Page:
Although at a much smaller scale, experimental uses of UxSs have occurred at agencies as diverse at the U.S. Department of the Interior (DOI), NOAA, and the Federal Bureau of Investigation (FBI). The DOI Strategy document for UAS acknowledges the importance of operational tests to determine the readiness of UASs to expand applications and the use of UAS equipment from partners as a “try before you buy” approach.7 Indeed, DOI developed a set of easy-to-follow processes to facilitate investigations of potential candidates for UAS applications, from determining requirements to executing the program. After experimenting with small UAVs for more than a decade, the FBI identified more than 30 applications for the technology, even though initially expecting only a handful of uses. Likewise, in its Unmanned Systems Strategy, NOAA describes its intention to expand the use of UxSs through experiments across its line agencies.8 NOAA emphasizes the importance of building communities-of-practice for UxSs and leveraging partnership opportunities with the Navy, Coast Guard, and other agencies as a means to test UxSs readiness for integration into operations.9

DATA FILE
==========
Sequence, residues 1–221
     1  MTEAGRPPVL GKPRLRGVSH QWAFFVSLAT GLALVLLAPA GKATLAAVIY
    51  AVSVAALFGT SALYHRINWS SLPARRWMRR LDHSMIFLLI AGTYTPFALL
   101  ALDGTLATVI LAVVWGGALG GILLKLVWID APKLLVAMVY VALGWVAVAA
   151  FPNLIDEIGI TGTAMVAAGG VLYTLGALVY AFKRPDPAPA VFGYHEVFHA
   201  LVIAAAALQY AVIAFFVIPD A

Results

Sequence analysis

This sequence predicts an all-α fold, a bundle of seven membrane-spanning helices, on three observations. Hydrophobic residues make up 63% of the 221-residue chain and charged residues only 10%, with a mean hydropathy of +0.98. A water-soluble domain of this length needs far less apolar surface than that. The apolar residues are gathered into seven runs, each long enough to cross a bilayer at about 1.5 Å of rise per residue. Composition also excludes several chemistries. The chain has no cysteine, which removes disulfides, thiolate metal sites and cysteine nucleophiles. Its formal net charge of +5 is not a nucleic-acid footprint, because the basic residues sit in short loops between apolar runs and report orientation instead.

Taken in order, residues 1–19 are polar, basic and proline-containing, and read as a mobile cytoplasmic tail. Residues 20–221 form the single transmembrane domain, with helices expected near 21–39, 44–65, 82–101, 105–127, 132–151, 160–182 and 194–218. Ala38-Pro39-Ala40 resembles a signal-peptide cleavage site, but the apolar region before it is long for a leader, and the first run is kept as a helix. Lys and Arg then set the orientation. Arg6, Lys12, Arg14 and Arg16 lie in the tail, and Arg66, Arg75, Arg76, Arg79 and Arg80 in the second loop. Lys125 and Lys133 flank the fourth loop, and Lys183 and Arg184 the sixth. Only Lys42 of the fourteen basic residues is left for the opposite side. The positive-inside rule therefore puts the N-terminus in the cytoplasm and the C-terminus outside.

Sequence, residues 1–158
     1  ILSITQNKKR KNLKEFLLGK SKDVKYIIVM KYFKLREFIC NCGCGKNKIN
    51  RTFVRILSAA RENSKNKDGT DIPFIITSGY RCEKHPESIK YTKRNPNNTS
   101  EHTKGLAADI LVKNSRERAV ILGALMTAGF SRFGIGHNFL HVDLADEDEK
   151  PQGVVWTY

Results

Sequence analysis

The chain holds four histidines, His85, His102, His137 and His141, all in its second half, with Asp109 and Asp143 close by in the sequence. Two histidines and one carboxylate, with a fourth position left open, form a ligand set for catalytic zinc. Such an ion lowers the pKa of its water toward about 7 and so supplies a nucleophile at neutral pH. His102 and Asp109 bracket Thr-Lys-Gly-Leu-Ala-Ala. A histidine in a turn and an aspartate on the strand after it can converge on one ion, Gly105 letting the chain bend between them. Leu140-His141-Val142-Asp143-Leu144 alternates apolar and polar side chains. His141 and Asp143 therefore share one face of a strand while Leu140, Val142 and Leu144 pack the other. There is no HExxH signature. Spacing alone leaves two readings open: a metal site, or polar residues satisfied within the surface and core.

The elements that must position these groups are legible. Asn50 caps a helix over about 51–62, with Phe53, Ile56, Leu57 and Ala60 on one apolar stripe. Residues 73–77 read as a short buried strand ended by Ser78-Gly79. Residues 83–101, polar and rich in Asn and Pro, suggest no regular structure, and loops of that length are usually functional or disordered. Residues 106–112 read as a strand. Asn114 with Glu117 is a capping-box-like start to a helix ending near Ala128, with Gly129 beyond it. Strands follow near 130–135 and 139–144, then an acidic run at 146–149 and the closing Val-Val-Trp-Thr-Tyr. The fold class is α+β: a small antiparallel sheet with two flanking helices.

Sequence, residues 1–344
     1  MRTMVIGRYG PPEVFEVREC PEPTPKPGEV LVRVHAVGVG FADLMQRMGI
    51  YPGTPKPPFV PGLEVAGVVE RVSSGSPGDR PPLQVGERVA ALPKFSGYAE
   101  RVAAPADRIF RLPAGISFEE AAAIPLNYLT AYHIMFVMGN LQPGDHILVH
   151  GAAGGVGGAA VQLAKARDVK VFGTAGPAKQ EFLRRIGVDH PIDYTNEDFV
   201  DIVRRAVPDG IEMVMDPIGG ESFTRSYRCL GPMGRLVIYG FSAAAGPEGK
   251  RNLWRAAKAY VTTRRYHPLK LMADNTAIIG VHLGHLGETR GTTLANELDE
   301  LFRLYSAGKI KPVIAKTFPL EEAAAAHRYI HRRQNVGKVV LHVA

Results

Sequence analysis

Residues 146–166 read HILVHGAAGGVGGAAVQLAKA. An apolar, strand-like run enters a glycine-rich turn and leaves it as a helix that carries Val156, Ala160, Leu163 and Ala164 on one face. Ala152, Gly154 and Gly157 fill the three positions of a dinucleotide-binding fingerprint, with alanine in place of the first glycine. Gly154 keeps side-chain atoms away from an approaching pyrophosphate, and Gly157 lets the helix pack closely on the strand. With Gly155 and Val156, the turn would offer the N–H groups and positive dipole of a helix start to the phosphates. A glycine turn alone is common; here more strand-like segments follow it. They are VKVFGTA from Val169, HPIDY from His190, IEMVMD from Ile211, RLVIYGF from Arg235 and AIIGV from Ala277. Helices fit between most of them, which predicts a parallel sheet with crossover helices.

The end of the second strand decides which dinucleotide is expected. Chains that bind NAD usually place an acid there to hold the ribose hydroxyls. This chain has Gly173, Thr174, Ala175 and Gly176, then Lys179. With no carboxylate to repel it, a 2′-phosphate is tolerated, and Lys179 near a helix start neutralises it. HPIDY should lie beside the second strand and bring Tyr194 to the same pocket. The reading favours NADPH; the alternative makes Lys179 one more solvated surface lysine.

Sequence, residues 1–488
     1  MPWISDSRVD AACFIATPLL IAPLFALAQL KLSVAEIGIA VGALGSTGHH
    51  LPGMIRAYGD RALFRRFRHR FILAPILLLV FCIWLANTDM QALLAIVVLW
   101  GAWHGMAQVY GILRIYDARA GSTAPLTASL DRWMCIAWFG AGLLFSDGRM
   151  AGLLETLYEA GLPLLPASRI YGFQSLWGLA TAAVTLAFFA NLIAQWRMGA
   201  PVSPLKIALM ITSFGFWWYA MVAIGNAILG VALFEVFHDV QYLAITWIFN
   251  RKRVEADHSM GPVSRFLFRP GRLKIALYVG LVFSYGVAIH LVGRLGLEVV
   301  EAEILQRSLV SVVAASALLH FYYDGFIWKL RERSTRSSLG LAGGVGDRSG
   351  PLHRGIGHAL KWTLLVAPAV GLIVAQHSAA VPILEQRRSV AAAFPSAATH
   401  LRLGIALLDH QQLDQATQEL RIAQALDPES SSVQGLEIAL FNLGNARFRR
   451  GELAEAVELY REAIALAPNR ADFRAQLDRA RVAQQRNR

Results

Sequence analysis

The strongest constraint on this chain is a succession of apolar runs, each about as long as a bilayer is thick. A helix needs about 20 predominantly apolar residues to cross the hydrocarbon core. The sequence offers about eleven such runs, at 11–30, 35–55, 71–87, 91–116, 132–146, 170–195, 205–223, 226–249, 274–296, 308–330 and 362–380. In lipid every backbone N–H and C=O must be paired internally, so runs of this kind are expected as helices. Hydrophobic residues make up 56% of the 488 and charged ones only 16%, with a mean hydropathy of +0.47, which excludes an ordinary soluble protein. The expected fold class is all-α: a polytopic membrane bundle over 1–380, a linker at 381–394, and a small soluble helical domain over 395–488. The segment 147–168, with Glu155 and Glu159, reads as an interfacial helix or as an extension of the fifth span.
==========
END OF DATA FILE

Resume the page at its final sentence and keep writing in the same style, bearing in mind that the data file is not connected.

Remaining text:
As documented in Chapter 4, the Coast Guard is experimenting with UxSs, with the notable example the ScanEagle sUAS as well as about a dozen other projects and partnerships. In the committee’s view such experimentation is vital to expanding and transitioning UxSs across the Coast
6 Briefing and committee discussion with Mr. McCormack, Executive Director for Naval Surface Warfare Center and Naval Undersea Warfare Center, in February 2020.